Along with the control of pain
and symptoms, and interdisciplinary teamwork, the adequate use of communication
skills and interpersonal relationships constitutes the triad foundation that
sustains palliative care. In situations of uncertainty, pain and suffering,
relationships are re-signified and contact with people, either with relatives
or healthcare professionals, starts to represent the essence of care that
sustains faith and hope, supporting the experience of difficult moments.

First of all, while assisting
my client, I used active listening strategies which are powerful therapeutic
interventions. It involved ways of listening, giving full attention, expressing
empathy, and responding to another person that improves mutual understanding.
People’s way of thinking, seeing, hearing, and interpreting the world is
influenced by their beliefs, values, fears, and social and cultural
backgrounds. Active listening is best done without interpretation or
evaluation.

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            It
was of paramount significance to involve my client in facilitating
conversations which included open-ended questions that allowed my client the
opportunity to describe and express her feelings, thoughts, and concerns more
fully (examples: “How are you feeling today?”, “What has been worrying you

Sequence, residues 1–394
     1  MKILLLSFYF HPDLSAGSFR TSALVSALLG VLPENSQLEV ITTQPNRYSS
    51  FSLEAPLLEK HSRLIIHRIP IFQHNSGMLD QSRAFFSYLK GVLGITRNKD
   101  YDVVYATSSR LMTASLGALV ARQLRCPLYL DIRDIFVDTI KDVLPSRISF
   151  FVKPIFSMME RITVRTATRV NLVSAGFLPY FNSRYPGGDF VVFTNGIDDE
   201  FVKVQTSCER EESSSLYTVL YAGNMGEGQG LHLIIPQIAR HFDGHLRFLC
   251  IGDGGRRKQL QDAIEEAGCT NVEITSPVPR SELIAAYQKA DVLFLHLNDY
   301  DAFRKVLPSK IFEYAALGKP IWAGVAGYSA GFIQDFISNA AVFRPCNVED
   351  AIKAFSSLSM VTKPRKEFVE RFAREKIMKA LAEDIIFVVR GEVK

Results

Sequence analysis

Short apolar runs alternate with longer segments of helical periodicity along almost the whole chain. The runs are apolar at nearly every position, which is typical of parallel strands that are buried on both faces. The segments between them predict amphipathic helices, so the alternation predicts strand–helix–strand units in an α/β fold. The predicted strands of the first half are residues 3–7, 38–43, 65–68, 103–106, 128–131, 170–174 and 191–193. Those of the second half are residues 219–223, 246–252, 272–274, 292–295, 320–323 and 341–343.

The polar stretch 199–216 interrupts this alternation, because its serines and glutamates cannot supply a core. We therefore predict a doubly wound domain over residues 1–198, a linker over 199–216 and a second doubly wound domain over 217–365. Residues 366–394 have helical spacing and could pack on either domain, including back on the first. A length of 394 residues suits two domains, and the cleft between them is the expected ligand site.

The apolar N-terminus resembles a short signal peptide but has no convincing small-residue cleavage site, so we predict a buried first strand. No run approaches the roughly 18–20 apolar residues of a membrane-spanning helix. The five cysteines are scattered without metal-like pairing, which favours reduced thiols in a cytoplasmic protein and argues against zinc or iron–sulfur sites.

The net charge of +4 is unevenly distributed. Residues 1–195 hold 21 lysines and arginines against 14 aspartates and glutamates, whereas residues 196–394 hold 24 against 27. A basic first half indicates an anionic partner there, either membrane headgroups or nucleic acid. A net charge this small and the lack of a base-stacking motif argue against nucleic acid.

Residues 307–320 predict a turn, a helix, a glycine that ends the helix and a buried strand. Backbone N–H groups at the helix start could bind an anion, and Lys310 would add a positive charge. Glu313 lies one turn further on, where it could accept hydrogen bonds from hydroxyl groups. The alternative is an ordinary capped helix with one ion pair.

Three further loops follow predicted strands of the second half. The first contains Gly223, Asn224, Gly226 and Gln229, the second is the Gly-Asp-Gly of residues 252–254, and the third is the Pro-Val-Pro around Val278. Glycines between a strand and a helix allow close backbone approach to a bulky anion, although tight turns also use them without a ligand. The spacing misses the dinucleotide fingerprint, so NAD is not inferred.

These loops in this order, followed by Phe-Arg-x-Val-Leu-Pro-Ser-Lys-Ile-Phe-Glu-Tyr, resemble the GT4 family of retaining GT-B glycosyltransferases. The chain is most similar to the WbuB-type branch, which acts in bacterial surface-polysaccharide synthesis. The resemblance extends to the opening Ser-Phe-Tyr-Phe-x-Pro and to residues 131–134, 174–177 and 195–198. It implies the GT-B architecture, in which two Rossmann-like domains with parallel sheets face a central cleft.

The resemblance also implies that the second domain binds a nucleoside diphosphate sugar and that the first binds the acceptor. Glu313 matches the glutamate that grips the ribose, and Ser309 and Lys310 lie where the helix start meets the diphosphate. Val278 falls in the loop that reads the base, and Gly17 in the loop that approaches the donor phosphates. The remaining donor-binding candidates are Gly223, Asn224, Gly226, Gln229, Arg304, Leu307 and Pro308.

most?”, “How have you been coping with these experiences?”, “I understand that
you have some questions and concerns about your care. Can you tell me more
about that?”, “How do you see things going from here?”)

Clarifying responses were also
used in order to get a better understanding about the facts and my client’s
feelings, attitudes, beliefs and values (example: “Can you give me an example
of what you are talking about?”, “Tell me more about …”, “As you were talking I
noticed … in your body language. I am wondering if you are feeling/experiencing
…?”)

Besides, while leading a
conversation I used paraphrasing and summarizing. It helped my client understand
that she was being listened to and her experiences are taken into account. It
also provided an opportunity to get further clarification (example: “What I
hear you saying is that you have been experiencing … which has been making you
feel … Have I understood that correctly?”, “What would be most helpful? Is
there anything else you need?”).

As I have noticed, nonverbal
communication played an important role in the context of palliative care. It
goes without saying that how people communicate is rooted in cultural and
social traditions, values and beliefs. Observing my client’s body language,
posture, gestures and facial expressions provided clues to her feelings,
emotions and capacities for coping.

When communicating with
patients and relatives about incurable and life threatening disease, I gave
attention to the environment and the physical comfort of all concerned. For
instance, standing in a corridor or a waiting room is unsatisfactory for
everyone. Taking relatives to a “quiet room” to discuss painful and difficult
issues has the advantage of signaling the importance of the meeting and the
fact that the news may be bad. My client, however, preferred to be in her own
bed space, with the illusion of privacy given by drawn curtains. This is
because the bed and surrounding space is the client’s territory, where she felt
most in control.